Walter Seltzer, a Hollywood press agent turned producer, died at the Motion Picture and Television Fund's retirement home, according to The Hollywood Reporter. He was 96.

Born in Philadelphia, Seltzer moved to Hollywood in 1935, where he got a job with Fox West Coast Theatres. He quickly moved into publicity at MGM, working on films starring Joan Crawford, Greta Garbo and Clark Gable.

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In 1955, Seltzer helped Burt Lancaster's production company make history by being the first to spend more on an Oscar campaign than the film — for Marty. The movie received four Academy Awards, including best picture.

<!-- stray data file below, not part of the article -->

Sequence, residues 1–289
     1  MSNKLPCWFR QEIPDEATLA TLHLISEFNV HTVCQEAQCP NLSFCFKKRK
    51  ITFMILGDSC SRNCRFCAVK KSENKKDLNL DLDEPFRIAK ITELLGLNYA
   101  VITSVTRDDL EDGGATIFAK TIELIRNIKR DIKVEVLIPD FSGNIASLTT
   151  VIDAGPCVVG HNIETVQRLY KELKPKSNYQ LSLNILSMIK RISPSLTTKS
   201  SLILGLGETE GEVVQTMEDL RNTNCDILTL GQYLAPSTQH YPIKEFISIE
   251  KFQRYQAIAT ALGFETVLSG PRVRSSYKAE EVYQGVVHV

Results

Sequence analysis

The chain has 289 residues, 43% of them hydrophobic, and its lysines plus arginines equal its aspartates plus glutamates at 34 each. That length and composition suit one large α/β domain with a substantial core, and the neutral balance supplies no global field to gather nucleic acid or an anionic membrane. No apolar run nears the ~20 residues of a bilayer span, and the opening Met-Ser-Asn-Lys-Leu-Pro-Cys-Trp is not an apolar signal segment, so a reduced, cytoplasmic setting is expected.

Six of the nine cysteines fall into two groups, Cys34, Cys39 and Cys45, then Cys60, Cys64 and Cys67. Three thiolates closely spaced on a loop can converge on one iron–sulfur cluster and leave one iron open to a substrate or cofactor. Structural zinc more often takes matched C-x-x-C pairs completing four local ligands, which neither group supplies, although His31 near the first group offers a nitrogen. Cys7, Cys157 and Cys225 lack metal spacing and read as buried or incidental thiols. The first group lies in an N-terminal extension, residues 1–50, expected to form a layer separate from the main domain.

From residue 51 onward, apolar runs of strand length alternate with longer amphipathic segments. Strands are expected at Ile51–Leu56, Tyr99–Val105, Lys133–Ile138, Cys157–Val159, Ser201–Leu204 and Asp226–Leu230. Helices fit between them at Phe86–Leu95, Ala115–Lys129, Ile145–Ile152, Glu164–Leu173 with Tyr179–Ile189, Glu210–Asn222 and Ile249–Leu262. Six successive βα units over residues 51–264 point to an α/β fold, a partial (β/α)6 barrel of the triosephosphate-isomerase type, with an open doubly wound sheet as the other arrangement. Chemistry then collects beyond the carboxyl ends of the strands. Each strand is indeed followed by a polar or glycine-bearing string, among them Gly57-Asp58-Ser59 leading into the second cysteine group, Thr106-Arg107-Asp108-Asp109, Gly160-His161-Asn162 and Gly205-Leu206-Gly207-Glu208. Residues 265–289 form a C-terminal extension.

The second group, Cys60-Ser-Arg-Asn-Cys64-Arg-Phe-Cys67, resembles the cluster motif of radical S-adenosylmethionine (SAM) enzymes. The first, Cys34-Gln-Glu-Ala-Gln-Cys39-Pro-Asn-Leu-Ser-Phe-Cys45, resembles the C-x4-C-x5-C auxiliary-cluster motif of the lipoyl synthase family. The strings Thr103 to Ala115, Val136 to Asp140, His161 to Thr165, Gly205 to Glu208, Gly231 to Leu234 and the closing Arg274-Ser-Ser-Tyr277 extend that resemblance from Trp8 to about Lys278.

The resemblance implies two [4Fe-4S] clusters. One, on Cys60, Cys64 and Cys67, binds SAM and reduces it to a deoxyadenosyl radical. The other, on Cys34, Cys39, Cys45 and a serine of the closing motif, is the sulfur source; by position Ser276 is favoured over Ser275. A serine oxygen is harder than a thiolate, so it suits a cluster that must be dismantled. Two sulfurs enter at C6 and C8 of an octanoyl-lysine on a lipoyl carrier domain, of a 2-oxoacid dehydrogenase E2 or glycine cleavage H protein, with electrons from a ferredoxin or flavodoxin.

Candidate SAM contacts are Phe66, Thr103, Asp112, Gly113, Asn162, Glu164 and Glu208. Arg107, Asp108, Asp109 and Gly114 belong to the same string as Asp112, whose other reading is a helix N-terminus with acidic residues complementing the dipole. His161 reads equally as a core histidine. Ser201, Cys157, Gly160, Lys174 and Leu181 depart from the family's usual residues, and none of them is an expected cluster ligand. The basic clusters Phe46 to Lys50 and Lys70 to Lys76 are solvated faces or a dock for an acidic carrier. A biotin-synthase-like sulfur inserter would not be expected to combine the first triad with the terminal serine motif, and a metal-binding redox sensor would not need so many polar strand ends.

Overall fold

In the '60s, Seltzer moved into production. Along with his partner George Glass, he became executive producer of Marlon Brando's production company. In 1962, he started his own company and made 31 films, including Charleton Heston's Soylent Green (1973).

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Seltzer helped raise $60 million for the Motion Picture and Television Fund, which cares for aging industry employees at its retirement home in Woodland Hills, Calif. He was awarded its Silver Medallion for humanitarian achievement in 1986.

Seltzer, who died Friday of age-related illness, had no immediate survivors.